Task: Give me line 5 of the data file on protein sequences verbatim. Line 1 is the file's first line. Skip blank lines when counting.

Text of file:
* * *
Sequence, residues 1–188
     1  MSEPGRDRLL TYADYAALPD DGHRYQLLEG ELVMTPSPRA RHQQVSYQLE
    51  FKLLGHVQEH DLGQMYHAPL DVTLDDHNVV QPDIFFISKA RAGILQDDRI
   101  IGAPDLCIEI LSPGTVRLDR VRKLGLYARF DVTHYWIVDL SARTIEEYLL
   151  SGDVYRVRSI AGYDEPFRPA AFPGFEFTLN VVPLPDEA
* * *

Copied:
   151  SGDVYRVRSI AGYDEPFRPA AFPGFEFTLN VVPLPDEA